While I adore the look of insertion in Edwardian lingerie dresses, I’d never actually tried sewing it myself until I decided that this 1920s dress needed something special to add visual interest on the main body. With this insertion trim I figured that the entredeux would make it slightly more difficult to sew, since apparently there’s a specific technique involved to make sure the ladder-like parts look right. I was a bit worried about what I’d gotten myself into, and I read many tutorials and watched videos to be sure I was getting it right. Once I’d gotten the trim stitched down to the main fabric I was tempted to just leave it as-is without cutting out the base layer– it was pretty anyway– but decided in the end to just go for it. I’m glad I did!
Here’s the process:
First, I plotted out the front of my dress and ran parallel lines of painter’s tape where I wanted to place the insertion trim on the fabric. I could’ve used a disappearing ink marker but I was paranoid that it wouldn’t wash off! Next, I pinned the trim to the fabric, right sides together, all down the line of tape. Following this tutorial, I first did a straight stitch right up against the entredeux, then trimmed the seam allowance, zig-zagged, pressed, and zig-zagged again. That was a lot of work for just one seam!
Actually, the process went more like this:
Pin down insertion along taped line. Straight stitch against the entredeux. Remove tape.
Flip the trim over, fold over seam allowance on the other side of the trim, and pin flat against the fabric.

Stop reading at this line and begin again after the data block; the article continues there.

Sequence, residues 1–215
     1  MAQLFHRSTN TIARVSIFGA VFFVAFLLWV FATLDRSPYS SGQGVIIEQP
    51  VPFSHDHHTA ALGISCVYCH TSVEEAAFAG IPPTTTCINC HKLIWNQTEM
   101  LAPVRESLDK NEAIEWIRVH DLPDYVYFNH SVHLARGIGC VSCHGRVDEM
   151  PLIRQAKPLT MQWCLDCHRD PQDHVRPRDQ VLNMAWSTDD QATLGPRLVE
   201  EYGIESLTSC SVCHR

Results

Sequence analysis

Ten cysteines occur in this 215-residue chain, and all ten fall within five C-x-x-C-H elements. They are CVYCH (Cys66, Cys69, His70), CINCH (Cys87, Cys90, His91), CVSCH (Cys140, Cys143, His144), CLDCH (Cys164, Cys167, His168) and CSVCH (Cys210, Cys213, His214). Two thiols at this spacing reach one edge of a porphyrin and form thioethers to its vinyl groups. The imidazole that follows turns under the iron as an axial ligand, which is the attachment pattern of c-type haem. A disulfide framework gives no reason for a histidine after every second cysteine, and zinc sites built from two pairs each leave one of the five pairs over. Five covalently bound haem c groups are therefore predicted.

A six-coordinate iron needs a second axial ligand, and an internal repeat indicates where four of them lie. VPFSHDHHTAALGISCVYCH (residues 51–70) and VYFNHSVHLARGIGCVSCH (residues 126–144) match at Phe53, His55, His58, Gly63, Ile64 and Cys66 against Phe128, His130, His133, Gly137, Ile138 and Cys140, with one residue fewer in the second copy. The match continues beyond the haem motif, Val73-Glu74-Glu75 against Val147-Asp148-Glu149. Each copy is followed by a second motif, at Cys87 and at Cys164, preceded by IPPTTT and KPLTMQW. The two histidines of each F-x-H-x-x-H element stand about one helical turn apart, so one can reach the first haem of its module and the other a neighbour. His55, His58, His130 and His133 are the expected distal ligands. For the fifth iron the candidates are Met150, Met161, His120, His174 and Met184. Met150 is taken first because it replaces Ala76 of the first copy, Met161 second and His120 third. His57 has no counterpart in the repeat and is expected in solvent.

Cut base fabric down the center of the trim area. Flip the whole thing over, transfer the pins to the correct side of the fabric, and straight-stitch against the entredeux on the other side. Now your entredeux is stitched down on both sides, but the edges are raw.
Cut seam allowances down to 1/8″ and zig-zag to roll the edges.
Press the tiny rolled edge away from trim. Flip over and zig-zag on the right side of the fabric.
I would’ve done similar rows of trim on the back of the dress if I could, but since it was vintage I had a limited supply to work with. I think it turned out well, though!
- Some tutorials I’ve read online suggest that you starch your fabric and insertion before stitching them together, to keep them nice and stiff so your lines stay straight. I didn’t have the time to locate spray starch, so I hand-basted the first line of stitching just to ensure that it was going in straight.
- Next time I’ll just get myself a disappearing ink pen so I don’t have to worry so much about keeping things pinned exactly straight. It would make the process a lot easier.
- Speaking of easy, the zig-zag rolled edges worked perfectly, and made a teeny-tiny edge that looked great. Totally using this technique at some point in the future on something else.
- I know the linked tutorial says so, but you don’t really need to make sure that each of your zig-zags goes into one hole of the entredeux ladder stitching on the last sewing pass. I didn’t bother and it still looked fine. You could probably also use a straight stitch for that last pass if you’re paranoid about your zig-zags not being neat enough. It would work fine structurally, but maybe wouldn’t keep the rolled edge in place along the back of the fabric as well.